How to Deal With a Bad Employment Reference

A bad employment reference can thwart your efforts to find new work. Many prospective employers use these references to get an idea about your workplace behavior and productivity, and a bad reference suggests an unsuitable employee. Be aware that you don’t have to get fired to get a bad reference. Any time you leave a company and the boss has a negative impression of you, you could end up with a bad reference. If you have one, you need to know how to deal with it.

Verify the Reference

If one of your previous jobs ended badly or on uncertain ground, find out what kind of references you can expect from that company. Have a friend pose as a prospective employer and call the human resources department to confirm your employment and get a sense of what kind of employee you were. If the company has no such department, have your friend call your old boss instead. It helps to have a script ready to use. Although the tactic has a sneaky element to it, your former employer has nothing to lose. You, on the other hand, stand to lose a job offer.

Most Recent Job

A bad reference from your current or most recent employer poses a big threat to your employment prospects. Prospective employers almost always want to know about your most recent job experience, and usually you can’t hide it — unless you had another job at the same time, or unless the job lasted less than six months, in which cases you can omit the bad employer from your resumeentirely. If you can’t hide a bad reference, though, then you have to be proactive. The facts will come out anyway, so get ahead of them and tell your side of the story to a prospective employer. However, think twice before challenging the validity of the bad reference directly. Even if you have the high ground, the prospective employer might interpret your challenge as egotism or stubbornness. Instead, focus on conveying yourself as someone who has learned from past mistakes.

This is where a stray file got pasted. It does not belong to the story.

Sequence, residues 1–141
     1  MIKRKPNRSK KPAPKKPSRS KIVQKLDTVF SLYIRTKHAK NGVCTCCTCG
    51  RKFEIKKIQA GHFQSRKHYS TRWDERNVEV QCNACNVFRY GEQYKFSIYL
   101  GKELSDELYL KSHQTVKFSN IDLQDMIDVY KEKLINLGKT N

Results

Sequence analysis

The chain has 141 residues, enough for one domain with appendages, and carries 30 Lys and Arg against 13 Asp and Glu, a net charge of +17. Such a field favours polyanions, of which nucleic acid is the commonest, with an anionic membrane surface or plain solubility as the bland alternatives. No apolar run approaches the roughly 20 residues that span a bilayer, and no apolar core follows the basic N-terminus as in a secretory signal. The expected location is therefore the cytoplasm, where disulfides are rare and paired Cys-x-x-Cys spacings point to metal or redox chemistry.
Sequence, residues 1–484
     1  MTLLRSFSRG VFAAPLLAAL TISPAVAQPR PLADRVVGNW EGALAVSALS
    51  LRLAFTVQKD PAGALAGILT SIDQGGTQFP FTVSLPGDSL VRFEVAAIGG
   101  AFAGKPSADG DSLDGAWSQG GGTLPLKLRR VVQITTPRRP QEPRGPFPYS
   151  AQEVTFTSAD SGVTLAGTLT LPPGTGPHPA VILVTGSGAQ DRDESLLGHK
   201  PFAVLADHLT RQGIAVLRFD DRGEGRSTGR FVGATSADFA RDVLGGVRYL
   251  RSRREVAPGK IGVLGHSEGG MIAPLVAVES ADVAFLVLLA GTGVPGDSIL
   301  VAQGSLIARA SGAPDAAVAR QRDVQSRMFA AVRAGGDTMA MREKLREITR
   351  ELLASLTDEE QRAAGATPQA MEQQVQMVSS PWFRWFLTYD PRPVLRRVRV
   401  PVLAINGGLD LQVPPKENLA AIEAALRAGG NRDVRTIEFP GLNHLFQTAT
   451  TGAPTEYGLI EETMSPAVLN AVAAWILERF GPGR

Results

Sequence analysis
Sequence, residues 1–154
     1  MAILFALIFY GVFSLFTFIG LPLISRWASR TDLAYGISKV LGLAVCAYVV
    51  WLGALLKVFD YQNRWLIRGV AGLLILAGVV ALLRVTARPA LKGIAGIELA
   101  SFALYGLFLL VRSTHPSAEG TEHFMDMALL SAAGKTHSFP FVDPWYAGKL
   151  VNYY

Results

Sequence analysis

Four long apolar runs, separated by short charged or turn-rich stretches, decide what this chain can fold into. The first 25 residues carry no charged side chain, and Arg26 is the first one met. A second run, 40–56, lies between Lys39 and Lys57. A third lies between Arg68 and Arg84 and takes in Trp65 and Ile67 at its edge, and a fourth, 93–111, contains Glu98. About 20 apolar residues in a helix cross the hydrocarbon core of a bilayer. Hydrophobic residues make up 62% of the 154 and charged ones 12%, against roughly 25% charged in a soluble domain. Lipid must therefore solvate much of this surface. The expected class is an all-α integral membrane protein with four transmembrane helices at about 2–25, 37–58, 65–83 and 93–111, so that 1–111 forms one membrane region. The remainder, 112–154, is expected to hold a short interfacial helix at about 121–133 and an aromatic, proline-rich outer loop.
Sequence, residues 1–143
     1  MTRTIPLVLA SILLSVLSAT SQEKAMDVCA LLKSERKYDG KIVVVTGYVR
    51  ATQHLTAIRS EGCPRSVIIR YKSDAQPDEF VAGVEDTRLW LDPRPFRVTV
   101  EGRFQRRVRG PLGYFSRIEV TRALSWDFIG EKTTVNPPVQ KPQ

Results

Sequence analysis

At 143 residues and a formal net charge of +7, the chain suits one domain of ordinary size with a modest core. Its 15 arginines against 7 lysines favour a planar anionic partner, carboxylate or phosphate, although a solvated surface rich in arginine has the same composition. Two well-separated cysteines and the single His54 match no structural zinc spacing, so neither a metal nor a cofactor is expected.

Older Jobs

When it comes to a bad reference from companies farther back in your employment history, you have more freedom to gloss over it. Don’t volunteer the information. If a prospective employer asks you directly whether they should expect a bad reference in your employment history, then you can say that you had a job some time in the past that didn’t end well. Succinctly lay out the crux of the bad reference, explain what you learned about it, and finish up by noting that your overall record speaks for itself. Try to do it in just a sentence or two. Also, be creative with your resume. If subsequent employers or the passage of time gives you an opportunity to simply cut off your resume at the point of the bad reference, then take it.

Former Employer Outreach

In the event of a particularly negative reference that has cost you multiple job offers, reach out to your former employer’s human resources department yourself and tell them that their reference is costing you the opportunity to get work. Human resource workers tend to have a greater appreciation of the legal risks of defamation and slander, so take a level-headed, polite tone and ask if you can work out an agreement on a less-negative reference. Additionally, anytime you learn that a former employer has issued a factually inaccurate reference, call the human resources department right away to correct the record. If the company has no human resources department, then call your old boss or his replacement — or, if the two of you have too much bad blood, call his boss. If you can’t get relief from the company, then seek legal counsel.

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